We are reconciled and saved by His life (Rom 5:10)

God was the only one who could restore the relationship with man. He told the serpent he would "'put enmity between you and the woman, and between your seed and her Seed'" (Ge 3:15). Her seed (future offspring) was Christ which is why the word is capitalized. There was enmity because "while we were enemies we were reconciled to God through the death of His Son" (Ro 5:10). God said, "'He shall bruise your head, and you shall bruise His heel'" (Ge 3:15). God developed his plan through Abraham and told him "'because you have done this thing and have not withheld your son" (22:16) "in your seed all the nations of the earth shall be blessed, because you have obeyed My voice'" (:18). Then "after he had patiently endured, he obtained the promise" (Heb 6:15). God told Abram, "'Know for certain that your descendants will be strangers in a land that is not theirs, where they will be enslaved and oppressed four hundred years'" (Ge 15:13). God has everything in control and cites that "'when Israel was a youth I loved him, and out of Egypt I called My son'" (Hos 11:1). Jesus remained in Egypt "until the death of Herod. This was to fulfill what had been spoken by the Lord through the prophet: 'Out of Egypt I called My Son'" (Mt 2:15). God led Israel out of Egypt. Even then Hebrews explains that "the gospel was preached to us as well as to them" (Heb 4:2). Unfortunately God explains, "'It is a people who go astray in their hearts, and they do not know My ways.' So I swore in My wrath, they shall not enter My rest" (Ps 95:10). "There remains a rest for the people of God" (Heb 4:9). "But the word which they [Israel] heard did not profit them, not being mixed with faith in those who heard it" (:2). "He who entered His rest has himself also ceased from his works as God did from His" (:10). God's plan was implemented via Israel. Paul reminds "that you were at that time separate from Christ, excluded from the commonwealth of Israel, and strangers to the covenants of promise, having no hope and without God in the world" (Eph 2:12). "God was in Christ reconciling the world to himself" (2Co 5:19). His purpose was "through Him to reconcile all things to Himself, having made peace through the blood of His cross" (Col 1:20) which "put to death the enmity" (Eph 2:16). "He has now reconciled you in His fleshly body through death, in order to present you before Him holy and blameless and beyond reproach" (Col 1:22). He reconciled "both [Jew and Gentile] in one body to God through the cross" (Eph 2:16). Paul encourages "on behalf of Christ, to be reconciled to God" (2Co 5:20). "Having been reconciled, we shall be saved by His life" (Ro 5:10).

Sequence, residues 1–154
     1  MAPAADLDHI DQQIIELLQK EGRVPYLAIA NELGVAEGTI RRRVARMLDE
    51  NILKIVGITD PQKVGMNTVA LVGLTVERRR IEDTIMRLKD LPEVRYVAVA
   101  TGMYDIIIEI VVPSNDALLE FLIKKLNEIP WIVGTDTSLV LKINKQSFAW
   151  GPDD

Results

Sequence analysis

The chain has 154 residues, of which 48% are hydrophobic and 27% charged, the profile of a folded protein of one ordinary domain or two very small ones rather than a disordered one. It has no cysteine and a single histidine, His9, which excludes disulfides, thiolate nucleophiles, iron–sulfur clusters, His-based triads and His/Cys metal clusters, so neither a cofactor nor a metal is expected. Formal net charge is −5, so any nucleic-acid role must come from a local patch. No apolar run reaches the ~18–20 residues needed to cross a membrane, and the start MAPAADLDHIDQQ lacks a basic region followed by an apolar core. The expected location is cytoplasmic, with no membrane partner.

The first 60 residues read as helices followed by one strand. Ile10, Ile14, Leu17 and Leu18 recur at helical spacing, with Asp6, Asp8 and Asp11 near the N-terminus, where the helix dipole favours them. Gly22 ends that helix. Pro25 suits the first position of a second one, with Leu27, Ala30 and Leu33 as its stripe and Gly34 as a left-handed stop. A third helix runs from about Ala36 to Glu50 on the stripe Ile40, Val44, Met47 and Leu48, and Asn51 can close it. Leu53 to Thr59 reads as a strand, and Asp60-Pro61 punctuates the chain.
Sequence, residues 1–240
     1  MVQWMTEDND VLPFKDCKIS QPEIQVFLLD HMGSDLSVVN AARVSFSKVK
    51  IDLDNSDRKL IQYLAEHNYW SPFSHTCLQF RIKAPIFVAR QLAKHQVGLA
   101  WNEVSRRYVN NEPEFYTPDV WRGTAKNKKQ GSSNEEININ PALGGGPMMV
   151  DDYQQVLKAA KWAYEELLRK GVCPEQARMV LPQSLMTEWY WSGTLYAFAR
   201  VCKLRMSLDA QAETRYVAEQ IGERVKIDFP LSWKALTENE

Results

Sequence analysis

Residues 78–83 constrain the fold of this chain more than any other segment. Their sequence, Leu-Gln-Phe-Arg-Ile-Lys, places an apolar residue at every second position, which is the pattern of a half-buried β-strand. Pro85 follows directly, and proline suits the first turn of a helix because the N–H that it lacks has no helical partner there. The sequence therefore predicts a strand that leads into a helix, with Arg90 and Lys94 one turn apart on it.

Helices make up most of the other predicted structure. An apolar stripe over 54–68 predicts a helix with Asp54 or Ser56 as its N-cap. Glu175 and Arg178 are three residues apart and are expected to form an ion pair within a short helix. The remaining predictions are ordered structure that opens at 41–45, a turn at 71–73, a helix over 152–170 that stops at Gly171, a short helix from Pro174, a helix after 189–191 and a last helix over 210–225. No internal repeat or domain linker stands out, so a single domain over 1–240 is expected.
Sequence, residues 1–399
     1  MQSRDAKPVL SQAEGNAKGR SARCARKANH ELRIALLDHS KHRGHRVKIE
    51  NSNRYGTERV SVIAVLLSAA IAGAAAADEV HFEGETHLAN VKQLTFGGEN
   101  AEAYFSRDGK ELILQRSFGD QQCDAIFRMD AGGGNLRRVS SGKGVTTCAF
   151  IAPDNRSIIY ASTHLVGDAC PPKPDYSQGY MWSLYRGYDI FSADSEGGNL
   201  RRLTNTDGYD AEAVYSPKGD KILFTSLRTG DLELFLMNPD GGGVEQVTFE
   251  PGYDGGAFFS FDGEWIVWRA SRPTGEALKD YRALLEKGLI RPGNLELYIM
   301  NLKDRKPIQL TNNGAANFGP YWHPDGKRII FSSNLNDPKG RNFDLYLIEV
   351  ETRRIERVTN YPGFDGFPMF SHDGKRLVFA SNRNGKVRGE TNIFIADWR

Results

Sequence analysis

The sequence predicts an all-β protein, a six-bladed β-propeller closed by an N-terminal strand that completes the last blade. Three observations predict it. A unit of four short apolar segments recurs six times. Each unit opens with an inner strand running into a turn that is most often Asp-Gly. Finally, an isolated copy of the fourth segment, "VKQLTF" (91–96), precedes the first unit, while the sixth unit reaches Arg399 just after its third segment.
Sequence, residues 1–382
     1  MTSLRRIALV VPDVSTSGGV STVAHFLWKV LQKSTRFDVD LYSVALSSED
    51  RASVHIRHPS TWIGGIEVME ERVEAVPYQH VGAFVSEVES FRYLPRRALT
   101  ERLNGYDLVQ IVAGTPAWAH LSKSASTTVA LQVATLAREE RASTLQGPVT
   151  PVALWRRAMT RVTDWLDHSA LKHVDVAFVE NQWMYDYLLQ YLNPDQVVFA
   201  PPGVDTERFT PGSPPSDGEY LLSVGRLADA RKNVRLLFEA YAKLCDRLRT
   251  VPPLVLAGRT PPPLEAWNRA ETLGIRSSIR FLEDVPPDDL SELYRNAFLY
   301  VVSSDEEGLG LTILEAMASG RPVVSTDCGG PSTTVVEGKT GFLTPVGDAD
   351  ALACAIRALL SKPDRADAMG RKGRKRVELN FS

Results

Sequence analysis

God told Abraham, "'I will surely bless you and give you many descendants'" (Heb 6:13). This was God's oath so that we would "inherit what has been promised" (:12). It was "an oath through the One" (7:21) who spoke to Jesus. God wanted to make his purpose very clear to the heirs" (:17). Therefore Jesus "became the source of eternal salvation for all who obey Him" (5:9). The author of Hebrews tells them that he is "confident of better things that accompany salvation" (6:9). Jesus accomplished this "when He offered up Himself" (7:27) and "has become the guarantee of a better covenant" (:22). Accordingly "the Lord has sworn [by an oath, saying] . . . 'Thou art a priest forever according to the order of Melchizedek'" (Ps 110:4). "The word of the oath, which came after the Law, appoints a Son, made perfect forever" (Heb 7:28). The author of Hebrews was concerned about those "who are ignorant and going astray" (Heb 5:2) and those who were "slow to learn" (:11). He wanted to encourage the recipients of his letter. He cites that "God wanted to make the unchanging nature of His purpose very clear" (6:17) so that they "may be greatly encouraged" (:18). "He is able to save forever those who draw near to God through Him, since He always lives to make intercession for them" (7:25). The author acknowledges they have "fled to take hold of the hope offered to us" (6:18). There is a "better hope, through which we draw near to God" (:19). "We have this hope as an anchor for the soul, firm and secure" (:19). Therefore "in order to make your hope sure" (:11) "we want each of you to show this same diligence to the very end" (:11). Also, "imitate those who through faith and patience inherit what has been promised" (:12). "If that first covenant had been faultless, there would have been no occasion for the second" (Heb 8:7). It would be "'not like the covenant which I made with their fathers . . . which they broke, although I was a husband to them'" (Jer 31:32). "'I will make a new covenant with the house of Israel'" (:31). "'I will put My law within them, and on their heart I will write it; and I will be their God, and they shall be My people'" (:33). There is the "setting aside of a former commandment because of its weakness" (Heb 7:18). It is by way of "another priest" (:11) "according to the power of an indestructable life" (:16). It brings in "a change of law also" (:12). "He has obtained a more excellent ministry, by as much as He is also the mediator of a better covenant, which has been enacted on better promises" (8:6). He is a "high priest" (:1) "exalted above the heavens" (7:26) who is a "minister in the sanctuary in the true tabernacle, which the Lord pitched, not man" (8:2). "He abides forever [and] holds His priesthood permanently" (7:24). "'Has He said, and will not do it? Or has He spoken, and will He not make it good?'" (Nu 23:19).